17. A device according to claim 16, wherein the functional cells are selected from the group consisting of: pancreatic islet cells, hepatocytes, thyroid cells, parathyroid cells, neural cells, ovarian cells, adrenal cells, renal cortex cells, vascular endothelial cells, thymic cells, ovarian cells, testicular cells, genetically engineered cells, cloned cells and stem cells.
18. A device according to claim 1, wherein the functional cells can absorb or degrade a substance from the body, and the chamber has walls, which are permeable to said substance but not to said cells, whereby said substance is drained from surroundings of the device into said chamber.
19. A device according to claim 1, comprising a rechargeable battery.
20. A device according to claim 19, comprising an electric circuit linked to said rechargeable battery for remote induction recharging of said battery.
21. A device according to claim 1, comprising an electronic circuitry for monitoring parameters of the device or its surrounding or controlling operational parameters of the device.
22. A device according to claim 21, wherein said circuitry comprises means for wireless communication with an external control or monitoring circuitry.
23. A device according to claim 1, wherein the functional cells comprise pancreatic β-cells.
24. An implantable device for treating a medical disorder comprising a chamber, which is configured to be implanted in a body of an individual, the chamber holding:
isolated functional cells that produce a substance for treatment of the medical disorder, the chamber having a wall that is permeable to the produced substance; and
photosynthetic cells that convert carbon dioxide to oxygen when illuminated,
wherein the device, when entirely implanted within the body, is configured such that the photosynthetic cells can be illuminated.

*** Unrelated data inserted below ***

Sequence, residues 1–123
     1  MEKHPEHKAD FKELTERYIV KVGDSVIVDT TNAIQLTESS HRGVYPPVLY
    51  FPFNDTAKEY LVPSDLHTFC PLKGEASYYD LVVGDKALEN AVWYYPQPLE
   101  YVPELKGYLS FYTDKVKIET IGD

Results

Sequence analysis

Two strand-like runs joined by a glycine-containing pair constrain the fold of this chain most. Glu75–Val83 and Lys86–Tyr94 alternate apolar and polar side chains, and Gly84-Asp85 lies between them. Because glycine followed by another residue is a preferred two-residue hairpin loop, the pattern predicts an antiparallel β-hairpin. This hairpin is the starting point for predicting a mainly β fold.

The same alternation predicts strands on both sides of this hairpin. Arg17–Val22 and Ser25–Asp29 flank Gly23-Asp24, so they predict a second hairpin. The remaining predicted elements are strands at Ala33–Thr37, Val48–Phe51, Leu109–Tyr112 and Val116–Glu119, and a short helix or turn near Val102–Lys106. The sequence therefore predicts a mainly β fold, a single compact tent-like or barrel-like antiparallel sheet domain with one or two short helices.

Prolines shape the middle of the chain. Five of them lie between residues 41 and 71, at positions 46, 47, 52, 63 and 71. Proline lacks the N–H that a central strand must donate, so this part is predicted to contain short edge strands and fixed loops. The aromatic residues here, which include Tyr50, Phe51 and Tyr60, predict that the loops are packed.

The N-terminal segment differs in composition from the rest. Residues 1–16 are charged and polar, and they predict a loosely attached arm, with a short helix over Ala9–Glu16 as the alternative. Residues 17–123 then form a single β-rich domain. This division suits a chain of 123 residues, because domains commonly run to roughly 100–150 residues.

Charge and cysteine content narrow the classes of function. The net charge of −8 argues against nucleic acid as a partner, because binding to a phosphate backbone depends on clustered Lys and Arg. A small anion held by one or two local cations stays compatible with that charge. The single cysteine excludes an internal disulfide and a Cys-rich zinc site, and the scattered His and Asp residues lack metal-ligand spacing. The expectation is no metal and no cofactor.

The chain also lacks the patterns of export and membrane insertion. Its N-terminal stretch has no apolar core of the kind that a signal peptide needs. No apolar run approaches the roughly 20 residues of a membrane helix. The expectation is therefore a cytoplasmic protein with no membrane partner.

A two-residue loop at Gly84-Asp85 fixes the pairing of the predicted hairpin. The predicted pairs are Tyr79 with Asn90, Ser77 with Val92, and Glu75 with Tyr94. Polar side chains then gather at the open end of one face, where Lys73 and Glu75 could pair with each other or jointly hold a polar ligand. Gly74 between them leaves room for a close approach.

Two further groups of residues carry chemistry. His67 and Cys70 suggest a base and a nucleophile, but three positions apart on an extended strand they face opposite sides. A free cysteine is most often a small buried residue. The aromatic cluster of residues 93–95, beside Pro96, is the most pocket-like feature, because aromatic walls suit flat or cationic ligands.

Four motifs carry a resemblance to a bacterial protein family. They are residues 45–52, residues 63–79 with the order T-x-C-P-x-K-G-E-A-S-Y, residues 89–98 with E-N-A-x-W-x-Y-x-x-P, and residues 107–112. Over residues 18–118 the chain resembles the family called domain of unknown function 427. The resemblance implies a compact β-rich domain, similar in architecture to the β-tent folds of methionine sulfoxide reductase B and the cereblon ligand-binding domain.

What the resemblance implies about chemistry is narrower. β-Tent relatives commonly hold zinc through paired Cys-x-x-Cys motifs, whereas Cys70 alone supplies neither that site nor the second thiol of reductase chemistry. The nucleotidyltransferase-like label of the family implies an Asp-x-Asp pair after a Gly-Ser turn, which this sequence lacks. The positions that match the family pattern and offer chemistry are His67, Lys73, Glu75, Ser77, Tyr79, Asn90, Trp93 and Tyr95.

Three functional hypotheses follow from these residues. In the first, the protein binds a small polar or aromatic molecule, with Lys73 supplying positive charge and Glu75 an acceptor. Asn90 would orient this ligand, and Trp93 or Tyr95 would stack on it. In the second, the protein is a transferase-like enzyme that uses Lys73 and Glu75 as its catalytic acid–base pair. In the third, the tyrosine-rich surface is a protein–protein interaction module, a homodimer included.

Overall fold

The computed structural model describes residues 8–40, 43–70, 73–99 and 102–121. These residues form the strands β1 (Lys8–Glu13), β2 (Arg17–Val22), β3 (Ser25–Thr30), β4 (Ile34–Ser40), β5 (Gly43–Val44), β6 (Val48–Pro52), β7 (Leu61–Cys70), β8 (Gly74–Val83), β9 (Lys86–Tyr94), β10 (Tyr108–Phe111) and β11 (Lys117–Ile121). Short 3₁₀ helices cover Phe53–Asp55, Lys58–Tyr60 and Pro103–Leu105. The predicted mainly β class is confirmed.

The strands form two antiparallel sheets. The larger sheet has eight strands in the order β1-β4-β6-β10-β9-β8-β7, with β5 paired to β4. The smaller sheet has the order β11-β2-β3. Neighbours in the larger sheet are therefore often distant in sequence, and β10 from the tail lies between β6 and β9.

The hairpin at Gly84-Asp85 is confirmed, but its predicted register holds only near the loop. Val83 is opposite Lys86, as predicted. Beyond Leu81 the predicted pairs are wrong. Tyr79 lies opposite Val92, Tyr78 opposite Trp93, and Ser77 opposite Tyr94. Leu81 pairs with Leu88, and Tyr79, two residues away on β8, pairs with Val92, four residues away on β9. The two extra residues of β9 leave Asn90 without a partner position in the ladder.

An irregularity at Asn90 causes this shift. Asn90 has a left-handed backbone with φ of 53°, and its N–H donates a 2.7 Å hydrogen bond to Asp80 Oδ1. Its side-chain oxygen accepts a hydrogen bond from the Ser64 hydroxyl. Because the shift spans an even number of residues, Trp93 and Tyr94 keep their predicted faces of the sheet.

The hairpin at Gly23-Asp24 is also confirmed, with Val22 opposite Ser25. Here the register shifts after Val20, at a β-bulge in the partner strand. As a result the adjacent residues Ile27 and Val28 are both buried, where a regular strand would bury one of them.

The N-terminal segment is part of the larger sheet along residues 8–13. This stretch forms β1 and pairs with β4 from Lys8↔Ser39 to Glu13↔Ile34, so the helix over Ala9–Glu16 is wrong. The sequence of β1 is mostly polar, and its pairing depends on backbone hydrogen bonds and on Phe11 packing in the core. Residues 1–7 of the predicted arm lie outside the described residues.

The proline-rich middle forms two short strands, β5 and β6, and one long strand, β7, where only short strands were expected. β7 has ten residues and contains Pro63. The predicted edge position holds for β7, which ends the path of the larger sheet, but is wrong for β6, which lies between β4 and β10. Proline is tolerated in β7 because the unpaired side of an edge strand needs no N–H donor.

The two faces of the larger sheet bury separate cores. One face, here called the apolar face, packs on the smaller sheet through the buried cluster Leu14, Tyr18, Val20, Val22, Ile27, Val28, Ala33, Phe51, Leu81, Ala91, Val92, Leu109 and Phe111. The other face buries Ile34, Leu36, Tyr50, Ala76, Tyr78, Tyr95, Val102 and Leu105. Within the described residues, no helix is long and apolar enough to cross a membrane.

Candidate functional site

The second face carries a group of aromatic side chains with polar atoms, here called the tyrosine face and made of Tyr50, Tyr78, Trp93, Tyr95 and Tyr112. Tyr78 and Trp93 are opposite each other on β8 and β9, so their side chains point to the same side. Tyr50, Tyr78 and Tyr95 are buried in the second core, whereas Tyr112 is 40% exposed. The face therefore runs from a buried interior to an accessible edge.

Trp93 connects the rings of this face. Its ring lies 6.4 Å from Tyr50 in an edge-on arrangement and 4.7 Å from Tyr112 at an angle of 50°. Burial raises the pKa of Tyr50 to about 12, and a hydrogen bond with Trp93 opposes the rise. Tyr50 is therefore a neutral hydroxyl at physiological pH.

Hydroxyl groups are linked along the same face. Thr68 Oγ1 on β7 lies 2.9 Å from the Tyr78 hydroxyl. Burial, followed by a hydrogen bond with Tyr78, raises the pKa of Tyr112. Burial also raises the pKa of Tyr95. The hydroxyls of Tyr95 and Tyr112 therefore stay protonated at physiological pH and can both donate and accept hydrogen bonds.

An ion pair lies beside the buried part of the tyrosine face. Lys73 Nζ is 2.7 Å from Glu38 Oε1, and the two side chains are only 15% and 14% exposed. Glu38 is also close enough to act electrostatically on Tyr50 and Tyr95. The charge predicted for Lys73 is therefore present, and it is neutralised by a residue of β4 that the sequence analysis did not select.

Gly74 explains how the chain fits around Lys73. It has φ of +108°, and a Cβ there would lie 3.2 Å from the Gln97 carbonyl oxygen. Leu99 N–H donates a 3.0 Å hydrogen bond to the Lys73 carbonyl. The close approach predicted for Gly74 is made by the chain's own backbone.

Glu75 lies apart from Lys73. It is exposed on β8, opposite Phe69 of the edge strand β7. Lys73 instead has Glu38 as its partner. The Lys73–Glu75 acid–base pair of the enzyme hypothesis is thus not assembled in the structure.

25. The device according to claim 24, further comprising a light source.
26. The device according to claim 25, wherein the light source is configured to be implanted in the body.
27. A device according to claim 24, wherein the functional cells can release a needed substance, and the chamber has walls, which are permeable to said substance but not to said cells, whereby said substance is released to the body.
28. A device according to claim 27, wherein the functional cells comprise pancreatic β-cells.
29. A method of treating a medical disorder comprising:
providing the device of claim 24;
implanting the device in a body of an individual such that the photosynthetic cells can be illuminated; and
when said device is implanted in the body, producing a treatment substance with said device and secreting said treatment substance to the body.
30. A method according to claim 29, comprising illuminating the photosynthetic cells.
31. A method according to claim 30, wherein illuminating the photosynthetic cells comprises illuminating the photosynthetic cells from within the body.
32. An implantable device for treating a medical disorder comprising a chamber which is configured to be implanted in a body of an individual, the chamber holding:
isolated functional cells that remove a substance from the body for treatment of the medical disorder, the chamber having a wall that is permeable to the substance; and
photosynthetic cells that convert carbon dioxide to oxygen when illuminated,
wherein the device, when entirely implanted within the body, is configured such that the photosynthetic cells can be illuminated.
33. A method of treating a medical disorder comprising:
providing the device of claim 32;
implanting the device in a body of an individual such that the photosynthetic cells can be illuminated; and
when said device is implanted in the body, removing a substance from the body with said device.
Description
FIELD OF THE INVENTION

The present invention is in the field of devices implantable in a body, and more specifically to implanted devices containing living cells.